Are cities too big to brand?

For the second year in a row, I served as a judge in the Michigan Economic Developers Association’s marketing materials awards. I was again struck by the difficulty cities face when they try to create a unique, memorable identity or brand to attract and retain businesses.

One mostly-hypothetical suburban city illustrates the discussion. People who moved there years ago did so because they liked its semi-rural hominess and the city’s website reflects that. But the city is also a thriving business center, with high-occupancy industrial parks, excellent infrastructure and a business-friendly city hall. How do you distill those dichotomous qualities into a clear, compelling economic development brand?

Branding is a marketing tool you use to sell something. You first have to decide what you’re selling and that means deciding what is important. Of course that means that some things are not important to your prospects – but they’re important to somebody. Heaven forbid that you don’t mention the municipal pool in your ad in Site Selection Magazine.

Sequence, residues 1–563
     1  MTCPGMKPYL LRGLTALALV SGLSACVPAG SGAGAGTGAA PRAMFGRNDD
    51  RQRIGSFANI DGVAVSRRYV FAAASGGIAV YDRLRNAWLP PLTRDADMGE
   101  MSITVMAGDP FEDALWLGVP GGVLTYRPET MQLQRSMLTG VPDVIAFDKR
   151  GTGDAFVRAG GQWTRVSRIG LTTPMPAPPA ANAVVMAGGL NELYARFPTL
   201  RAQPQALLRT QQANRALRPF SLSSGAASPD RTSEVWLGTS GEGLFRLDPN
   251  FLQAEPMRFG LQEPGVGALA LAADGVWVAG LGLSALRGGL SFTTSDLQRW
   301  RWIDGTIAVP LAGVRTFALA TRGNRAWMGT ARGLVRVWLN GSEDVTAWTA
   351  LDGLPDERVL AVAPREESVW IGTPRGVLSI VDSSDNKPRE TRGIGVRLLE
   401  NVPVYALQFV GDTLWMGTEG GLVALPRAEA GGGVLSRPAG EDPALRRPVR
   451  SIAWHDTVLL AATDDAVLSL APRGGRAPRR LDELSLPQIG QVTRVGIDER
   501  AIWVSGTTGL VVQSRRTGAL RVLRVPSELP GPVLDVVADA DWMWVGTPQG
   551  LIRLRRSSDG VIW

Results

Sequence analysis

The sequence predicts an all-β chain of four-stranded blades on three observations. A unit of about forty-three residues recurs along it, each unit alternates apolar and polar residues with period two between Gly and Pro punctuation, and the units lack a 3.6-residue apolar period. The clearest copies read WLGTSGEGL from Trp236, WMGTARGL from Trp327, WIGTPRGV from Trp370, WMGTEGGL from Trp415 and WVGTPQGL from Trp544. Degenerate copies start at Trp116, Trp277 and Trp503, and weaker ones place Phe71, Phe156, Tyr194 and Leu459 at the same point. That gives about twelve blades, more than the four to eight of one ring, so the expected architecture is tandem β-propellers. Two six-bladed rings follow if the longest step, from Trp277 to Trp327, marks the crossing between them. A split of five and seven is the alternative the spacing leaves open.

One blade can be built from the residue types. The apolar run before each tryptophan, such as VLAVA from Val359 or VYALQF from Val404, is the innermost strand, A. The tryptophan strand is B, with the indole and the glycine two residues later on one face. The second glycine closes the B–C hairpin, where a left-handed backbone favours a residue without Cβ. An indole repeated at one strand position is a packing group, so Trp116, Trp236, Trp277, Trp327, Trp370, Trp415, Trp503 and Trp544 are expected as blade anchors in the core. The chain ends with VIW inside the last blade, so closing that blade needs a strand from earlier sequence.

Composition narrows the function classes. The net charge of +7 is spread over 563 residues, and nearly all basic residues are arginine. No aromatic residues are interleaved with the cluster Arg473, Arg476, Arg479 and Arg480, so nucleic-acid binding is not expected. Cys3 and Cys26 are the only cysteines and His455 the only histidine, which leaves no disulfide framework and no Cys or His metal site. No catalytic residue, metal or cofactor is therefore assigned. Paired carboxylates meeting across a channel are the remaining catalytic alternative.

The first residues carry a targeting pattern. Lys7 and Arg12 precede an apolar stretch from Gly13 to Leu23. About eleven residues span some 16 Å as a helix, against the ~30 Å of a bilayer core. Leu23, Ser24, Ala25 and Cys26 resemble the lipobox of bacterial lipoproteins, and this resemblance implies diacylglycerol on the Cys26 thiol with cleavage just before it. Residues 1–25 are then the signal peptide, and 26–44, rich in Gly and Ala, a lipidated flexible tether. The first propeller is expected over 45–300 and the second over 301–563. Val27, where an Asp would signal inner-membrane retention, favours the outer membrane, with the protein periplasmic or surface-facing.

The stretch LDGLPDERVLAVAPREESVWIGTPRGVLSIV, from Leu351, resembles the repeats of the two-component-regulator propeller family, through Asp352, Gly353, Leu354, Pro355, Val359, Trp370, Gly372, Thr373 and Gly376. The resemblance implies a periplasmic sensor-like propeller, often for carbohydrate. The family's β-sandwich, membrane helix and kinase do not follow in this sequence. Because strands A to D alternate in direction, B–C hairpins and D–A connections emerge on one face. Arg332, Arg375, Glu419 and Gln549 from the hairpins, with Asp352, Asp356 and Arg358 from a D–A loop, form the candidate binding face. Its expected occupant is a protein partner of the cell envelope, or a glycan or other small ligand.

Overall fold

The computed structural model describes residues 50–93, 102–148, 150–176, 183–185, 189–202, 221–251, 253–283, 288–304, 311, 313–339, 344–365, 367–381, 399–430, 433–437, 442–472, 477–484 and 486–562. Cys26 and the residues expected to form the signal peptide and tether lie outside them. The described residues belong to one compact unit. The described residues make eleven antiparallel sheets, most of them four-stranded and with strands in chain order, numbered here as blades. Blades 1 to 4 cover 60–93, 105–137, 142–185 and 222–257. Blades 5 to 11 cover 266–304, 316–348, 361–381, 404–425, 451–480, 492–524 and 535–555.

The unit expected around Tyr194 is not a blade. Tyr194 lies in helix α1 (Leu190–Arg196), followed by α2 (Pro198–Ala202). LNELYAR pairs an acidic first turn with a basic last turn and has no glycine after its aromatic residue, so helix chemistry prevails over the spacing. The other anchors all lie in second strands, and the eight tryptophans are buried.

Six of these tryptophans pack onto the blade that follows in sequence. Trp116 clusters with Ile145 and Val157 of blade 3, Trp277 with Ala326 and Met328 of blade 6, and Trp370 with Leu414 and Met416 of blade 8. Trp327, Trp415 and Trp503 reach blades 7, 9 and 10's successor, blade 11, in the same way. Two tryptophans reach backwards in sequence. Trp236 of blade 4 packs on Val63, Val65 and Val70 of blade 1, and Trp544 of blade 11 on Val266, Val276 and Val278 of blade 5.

The branding process is inevitably a group effort. Decision makers want to include everyone – residents, business owners, employees — in the process of articulating their brand. Unfortunately the result tries to be all things to all people and instead is soft, fuzzy and unfocused. “A great place to live, play and work.” Zzzzzzz.

If you actually listen to the marketing professionals and do something assertive, the second-guessers jump in. The minute you define your city as “sporty,” “elegant” or “old-fashioned,” somebody will object. If they’re really peevish, they’ll object at city council meetings, on your Facebook page and to the editor of the weekly newspaper or website.

I doff my hat to the city managers and economic development directors who take action and then have to wait for the positive results to roll in to be able to say “I told you so.”

This Open Forum article targets small businesses but there are lessons here for everyone.


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